The Philippines is the first ASEAN country to establish a modern regulatory system for modern biotechnology. The country's biosafety regulatory system follows strict scientific standards and has become a model for member-countries of the ASEAN seeking to become producers of agricultural biotechnology crops. Concerns on biosafety in the Philippines started as early as 1987 when scientists from the University of the Philippines Los Banos (UPLB) and International Rice Research Institute (IRRI), the Quarantine Officer of the Bureau of Plant Industry (BPI) and the Director for Crops of the Philippine Council for Agriculture, Forestry and Natural Resources Research and Development (PCARRD) recognized the potential for harm of the introduction of exotic species and genetic engineering. The joint committee formed the biosafety protocols and guidelines for genetic engineering and related research activities for UPLB and IRRI researchers. This proposal was eventually adapted into a Philippine Biosafety policy by virtue of Executive Order No 430, Series of 1990, issued by then President Corazon C. Aquino on October 15, 1990, which created the National Committee on Biosafety of the Philippines (NCBP). The NCBP formulates, reviews and amends national policy on biosafety and formulates guidelines on the conduct of activities on genetic engineering. The NCBP comprised of representative from the Department of Agriculture (DA); Department of Environment and Natural Resources (DENR); Health (DOH); and Department of Science and Technology (DOST), 4 scientists in biology, environmental science, social science and physical science and 2 respected members of the community. The Philippines’ Law, Executive Order No.514 (EO514), Series of 2006 entitled “Establishing the National Biosafety Framework (NBF), Prescribing Guidelines for its Implementation, Strengthening the National Committee on Biosafety of the Philippines, and for Other Purposes was also issued. This order sets the establishment of the departmental biosafety committees in the DA, DENR, DOH and DOST. The mandates jurisdiction and other powers of all departments and agencies in relation to biosafety and biotechnology is guided by the NBF in coordination with the NCBP and each other in exercising its power. The Department of Agriculture (DA) issued Administrative Order No 8, Series of 2002, (DA AO8, 2002), which is part of EO 514, for the implementation of guidelines for the importation and release into the environment of plants and plant products derived from the use of modern biotechnology. The DA authorizes the Bureau of Plant Industry (BPI) as the lead agency responsible for the regulation of agricultural crops developed through modern biotechnology. The BPI has adopted a protocol for risk assessment of GM crops for food and feed or for processing based on the Codex Alimentarius Commission’s Guideline for the Conduct of Food Safety assessment of Foods Derived from Recombinant-DNA plants and a protocol for environmental risk assessment in accordance with the Cartagena Protocol on Biosafety and with the recommendation of the Panel of Experts of the Organization for Economic Cooperation and Development (OECD). DA AO8, 2002 ensures that only genetically food crops that have been well studied and found safe by parallel independent assessments by a team of Filipino scientists and technical personnel from the concerned regulatory agencies of the Department are allowed into our food supply and into our environment. The DA AO 8, 2002 has a step by step introduction of GM plant into the environment. The research and development phase would require testing the genetically modified (GM) crop under controlled conditions subject to regulation by the government agencies. The first stage of evaluation for GM crops is testing under contained facilities such as laboratories, greenhouses and screenhouses. After satisfactory completion of testing under contained facilities, confined environmental release or field trial is done. Confined field trial (CFT) is the first controlled introduction of the GM crop into the environment. The approval for field trial shall be based on the satisfactory completion of safety testing under contained conditions. Unconfined environmental release or commercialization of the product would follow after the safe conduct of the CFT. Approval for propagation shall only be allowed after field trials and risk assessment show no significant risk to human and animal health and the environment.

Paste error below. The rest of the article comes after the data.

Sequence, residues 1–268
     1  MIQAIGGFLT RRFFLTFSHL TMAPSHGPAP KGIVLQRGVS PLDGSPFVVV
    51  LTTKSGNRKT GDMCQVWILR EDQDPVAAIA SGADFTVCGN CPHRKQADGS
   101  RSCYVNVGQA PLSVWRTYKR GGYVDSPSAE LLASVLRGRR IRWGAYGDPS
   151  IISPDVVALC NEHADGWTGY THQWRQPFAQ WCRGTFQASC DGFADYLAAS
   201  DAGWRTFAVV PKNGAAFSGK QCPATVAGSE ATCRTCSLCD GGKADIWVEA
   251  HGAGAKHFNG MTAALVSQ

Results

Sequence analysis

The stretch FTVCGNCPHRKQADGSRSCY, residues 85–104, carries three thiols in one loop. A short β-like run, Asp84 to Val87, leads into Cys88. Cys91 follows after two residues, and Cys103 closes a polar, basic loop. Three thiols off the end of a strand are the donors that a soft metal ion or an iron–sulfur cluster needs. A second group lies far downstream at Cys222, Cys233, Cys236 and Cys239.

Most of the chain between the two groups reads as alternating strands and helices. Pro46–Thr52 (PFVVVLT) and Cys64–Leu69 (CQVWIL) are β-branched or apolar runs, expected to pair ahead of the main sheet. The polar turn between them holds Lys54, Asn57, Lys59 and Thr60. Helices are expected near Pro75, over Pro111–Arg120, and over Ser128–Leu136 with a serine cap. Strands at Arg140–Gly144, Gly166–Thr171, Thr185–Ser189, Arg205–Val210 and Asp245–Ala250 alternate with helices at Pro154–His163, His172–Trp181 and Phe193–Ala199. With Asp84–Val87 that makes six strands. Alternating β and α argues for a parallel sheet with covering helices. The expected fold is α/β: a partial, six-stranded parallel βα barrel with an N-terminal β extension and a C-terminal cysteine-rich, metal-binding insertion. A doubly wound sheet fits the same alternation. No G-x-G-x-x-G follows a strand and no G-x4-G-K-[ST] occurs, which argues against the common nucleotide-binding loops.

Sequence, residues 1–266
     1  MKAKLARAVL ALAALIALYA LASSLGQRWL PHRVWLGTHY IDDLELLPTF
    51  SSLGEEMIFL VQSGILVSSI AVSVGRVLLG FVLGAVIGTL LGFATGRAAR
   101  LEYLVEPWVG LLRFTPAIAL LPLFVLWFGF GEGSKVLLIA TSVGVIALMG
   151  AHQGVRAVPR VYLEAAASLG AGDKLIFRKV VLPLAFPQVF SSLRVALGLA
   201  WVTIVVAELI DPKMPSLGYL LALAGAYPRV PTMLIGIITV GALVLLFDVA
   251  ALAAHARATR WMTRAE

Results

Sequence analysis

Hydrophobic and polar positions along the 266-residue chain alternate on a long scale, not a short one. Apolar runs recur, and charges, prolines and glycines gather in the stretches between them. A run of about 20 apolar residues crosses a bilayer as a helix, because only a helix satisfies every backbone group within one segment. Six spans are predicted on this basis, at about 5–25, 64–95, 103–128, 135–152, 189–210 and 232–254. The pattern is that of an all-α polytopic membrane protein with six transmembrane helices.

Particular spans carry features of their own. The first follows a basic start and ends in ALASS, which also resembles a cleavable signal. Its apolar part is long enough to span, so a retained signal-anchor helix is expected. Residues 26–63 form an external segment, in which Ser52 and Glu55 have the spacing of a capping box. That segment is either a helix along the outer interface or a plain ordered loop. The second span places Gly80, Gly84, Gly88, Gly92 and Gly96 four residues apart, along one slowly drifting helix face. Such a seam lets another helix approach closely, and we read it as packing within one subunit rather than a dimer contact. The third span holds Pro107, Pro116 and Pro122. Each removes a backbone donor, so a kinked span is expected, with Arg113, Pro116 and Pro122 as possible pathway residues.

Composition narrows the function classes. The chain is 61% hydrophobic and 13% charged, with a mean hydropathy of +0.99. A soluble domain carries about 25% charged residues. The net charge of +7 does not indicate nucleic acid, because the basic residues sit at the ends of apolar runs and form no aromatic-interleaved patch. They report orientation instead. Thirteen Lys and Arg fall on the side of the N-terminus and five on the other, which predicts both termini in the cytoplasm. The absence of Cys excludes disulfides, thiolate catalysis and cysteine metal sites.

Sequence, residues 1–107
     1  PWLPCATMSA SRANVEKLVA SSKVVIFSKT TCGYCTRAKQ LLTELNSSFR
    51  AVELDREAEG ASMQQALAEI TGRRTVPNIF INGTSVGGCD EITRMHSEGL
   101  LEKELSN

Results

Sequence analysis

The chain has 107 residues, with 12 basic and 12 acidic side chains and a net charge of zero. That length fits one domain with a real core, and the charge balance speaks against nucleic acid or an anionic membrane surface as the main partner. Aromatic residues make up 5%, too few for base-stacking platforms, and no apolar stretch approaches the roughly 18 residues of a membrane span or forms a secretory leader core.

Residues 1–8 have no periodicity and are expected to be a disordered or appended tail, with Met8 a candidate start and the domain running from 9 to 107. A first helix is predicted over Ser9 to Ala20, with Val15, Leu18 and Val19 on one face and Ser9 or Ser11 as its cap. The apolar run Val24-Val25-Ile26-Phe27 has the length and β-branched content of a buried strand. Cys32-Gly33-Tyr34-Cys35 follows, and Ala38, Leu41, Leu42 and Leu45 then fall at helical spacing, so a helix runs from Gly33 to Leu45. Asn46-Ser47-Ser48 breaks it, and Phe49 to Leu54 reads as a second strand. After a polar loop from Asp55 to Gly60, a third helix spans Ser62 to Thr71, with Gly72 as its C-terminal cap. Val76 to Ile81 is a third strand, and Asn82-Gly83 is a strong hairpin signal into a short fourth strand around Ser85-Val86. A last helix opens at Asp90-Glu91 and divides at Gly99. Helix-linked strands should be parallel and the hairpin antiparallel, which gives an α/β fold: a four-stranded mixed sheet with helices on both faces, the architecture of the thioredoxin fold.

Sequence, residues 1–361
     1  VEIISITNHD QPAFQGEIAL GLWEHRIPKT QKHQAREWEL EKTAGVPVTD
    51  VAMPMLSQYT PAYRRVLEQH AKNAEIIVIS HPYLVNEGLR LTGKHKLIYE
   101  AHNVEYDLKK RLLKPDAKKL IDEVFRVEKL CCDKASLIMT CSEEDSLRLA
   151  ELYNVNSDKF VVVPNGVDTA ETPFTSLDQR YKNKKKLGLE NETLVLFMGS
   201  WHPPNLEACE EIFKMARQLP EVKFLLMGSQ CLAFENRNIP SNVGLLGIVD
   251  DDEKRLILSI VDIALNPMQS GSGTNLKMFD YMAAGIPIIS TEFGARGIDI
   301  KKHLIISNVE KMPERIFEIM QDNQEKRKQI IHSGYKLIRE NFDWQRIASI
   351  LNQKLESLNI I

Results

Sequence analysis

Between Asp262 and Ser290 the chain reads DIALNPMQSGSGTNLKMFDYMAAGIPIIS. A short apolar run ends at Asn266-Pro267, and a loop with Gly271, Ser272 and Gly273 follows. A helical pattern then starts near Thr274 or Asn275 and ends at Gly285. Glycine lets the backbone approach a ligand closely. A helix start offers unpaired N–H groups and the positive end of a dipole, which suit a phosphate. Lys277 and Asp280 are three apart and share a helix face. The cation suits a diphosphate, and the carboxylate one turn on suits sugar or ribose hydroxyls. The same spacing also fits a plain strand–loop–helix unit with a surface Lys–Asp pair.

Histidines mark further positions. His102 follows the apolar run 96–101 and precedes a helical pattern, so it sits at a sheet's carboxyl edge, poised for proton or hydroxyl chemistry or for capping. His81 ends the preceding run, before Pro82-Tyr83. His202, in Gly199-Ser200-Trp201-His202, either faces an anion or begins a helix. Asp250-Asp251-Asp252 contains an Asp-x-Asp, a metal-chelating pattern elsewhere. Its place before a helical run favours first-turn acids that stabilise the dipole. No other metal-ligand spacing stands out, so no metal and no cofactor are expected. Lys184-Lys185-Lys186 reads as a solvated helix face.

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Stacked events:
Gene stacking in plants can be conferred either through genetic engineering or conventional breeding A full risk assessment as to food and feed or for processing shall be conducted to plant products carrying stacked genes conferred through genetic engineering or conventional breeding, where the individual traits have no prior approval for direct use as food and feed or processing from the Bureau of Plant Industry (BPI) A desktop or documentary risk assessment on the possible or expected interactions between the genes shall be conducted for stacked gene products with multiple traits conferred through conventional breeding and individual events granted prior approval by the Bureau of Plant Industry.
Contact details of the competent authority(s) responsible for the safety assessment and the product applicant:
Bureau of Plant Industry 692 San Andres St, Malate, Manila 1004